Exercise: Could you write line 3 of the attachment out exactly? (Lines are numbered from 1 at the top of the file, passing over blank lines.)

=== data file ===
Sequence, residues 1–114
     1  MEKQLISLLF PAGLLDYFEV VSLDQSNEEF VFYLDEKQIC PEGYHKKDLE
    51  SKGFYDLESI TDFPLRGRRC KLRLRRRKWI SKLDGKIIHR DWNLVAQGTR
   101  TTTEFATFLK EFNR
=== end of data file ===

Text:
    51  SKGFYDLESI TDFPLRGRRC KLRLRRRKWI SKLDGKIIHR DWNLVAQGTR